Natasha Wilson – Metanoia

Interview 091 • Jul 3rd 2024


Natasha Wilson, one of our favorite photographers, recently made her first film, Metanoia, which takes a poetic approach to visualizing her new interest in hypnosis. Given her potent visual point of view, we wanted to talk with her about her experiences, both transitioning to film and exploring hypnosis with a group of others.


First, of course, where did this idea come from?

I became deeply fascinated by hypnosis after delving into a rabbit hole of YouTube videos featuring stage hypnotists performing at high schools. I was captivated by their skill in bringing together stereotypical jocks and nerds, convincing them they were best friends—all while under the scrutiny of their peers. The selected students, obedient to the hypnotist’s commands on stage, seemed to shed any doubts or embarrassment, embracing the hypnotist’s words as truth without question — I wanted to capture this essence within my own project.

My first step in research for Metanoia was participating in a hypnosis session, because I myself was a skeptic of the viral online videos I was seeing and needed to understand it better first hand. For the first 20 minutes of my session, I was doubting every second, in my head thinking, “this isn’t working, I am going to have to start pretending at some point.”

While I was lying down on the extended recliner in my hypnotist’s office, I was guided by her to visualize walking through a forest, and in that vision I came to a lake. When she asked me to picture myself wading into the water, it was like the chair dropped through the office floor and I was floating in a sort of undercurrent limbo. A wave of relaxation and calm washed over me. I was completely present in the room, but physically, in some peaceful underworld. Experiencing something akin to what I witnessed with the high school students on stage, I knew I wanted to showcase hypnosis in an artistic manner for curious viewers and skeptics alike.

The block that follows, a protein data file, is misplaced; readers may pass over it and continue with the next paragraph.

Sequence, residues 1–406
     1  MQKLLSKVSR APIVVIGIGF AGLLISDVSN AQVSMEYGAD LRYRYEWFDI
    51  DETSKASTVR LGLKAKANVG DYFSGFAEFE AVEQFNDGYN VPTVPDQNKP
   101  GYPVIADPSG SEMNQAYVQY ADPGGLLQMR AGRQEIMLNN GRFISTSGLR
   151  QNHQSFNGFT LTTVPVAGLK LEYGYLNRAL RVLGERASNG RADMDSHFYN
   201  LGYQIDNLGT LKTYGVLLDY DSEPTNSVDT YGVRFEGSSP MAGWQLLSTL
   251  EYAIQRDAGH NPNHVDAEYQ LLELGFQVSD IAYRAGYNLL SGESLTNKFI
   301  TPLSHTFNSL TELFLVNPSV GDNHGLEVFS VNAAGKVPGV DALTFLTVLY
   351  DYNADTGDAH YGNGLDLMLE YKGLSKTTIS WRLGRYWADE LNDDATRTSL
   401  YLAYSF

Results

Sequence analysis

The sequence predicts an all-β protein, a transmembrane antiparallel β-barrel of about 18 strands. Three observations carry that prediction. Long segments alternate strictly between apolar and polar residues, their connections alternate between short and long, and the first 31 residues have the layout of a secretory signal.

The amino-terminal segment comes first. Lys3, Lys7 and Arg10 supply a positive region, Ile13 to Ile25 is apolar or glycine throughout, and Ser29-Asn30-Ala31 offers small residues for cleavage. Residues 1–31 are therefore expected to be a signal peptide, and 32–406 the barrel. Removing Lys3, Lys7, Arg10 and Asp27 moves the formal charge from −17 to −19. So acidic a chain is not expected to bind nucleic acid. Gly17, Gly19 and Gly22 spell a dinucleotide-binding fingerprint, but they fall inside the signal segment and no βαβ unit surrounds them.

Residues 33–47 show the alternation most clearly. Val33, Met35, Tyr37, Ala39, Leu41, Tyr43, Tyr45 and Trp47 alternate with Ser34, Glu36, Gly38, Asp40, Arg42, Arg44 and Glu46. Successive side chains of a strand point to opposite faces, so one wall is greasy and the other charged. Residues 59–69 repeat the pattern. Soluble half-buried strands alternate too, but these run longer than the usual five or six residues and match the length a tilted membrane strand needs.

Why video, rather than still photography?

Hypnosis is a skeptical concept for most when not witnessing it first hand, so filming it was essential. This is my first ever motion project that I have fully conceptualized, directed, and edited. I’ve been meaning to dabble into directing motion for a long time but hesitated for the fact that it was such a beast of a personal project to take on. We made it to the other side though and I am so thankful to all of my talented friends and community that was able to bring this project to life.

What were you surprised by in the experience?

One of the most surprising moments for me happened very early on in our casting process. I was absolutely blown away at the fact that Glenn, my hypnotist, was able to fully hypnotize people through the computer screen, not even being physically in the same space as the subjects. We witnessed deep responses, one of the biggest ones being with Rich, who we ended up casting for the film. He has a unique quality of hypnosis that not a lot of people are able to access, called “Visual Phenomena” where when prompted, he can open his eyes and see a completely different person than who actually stands in front of him.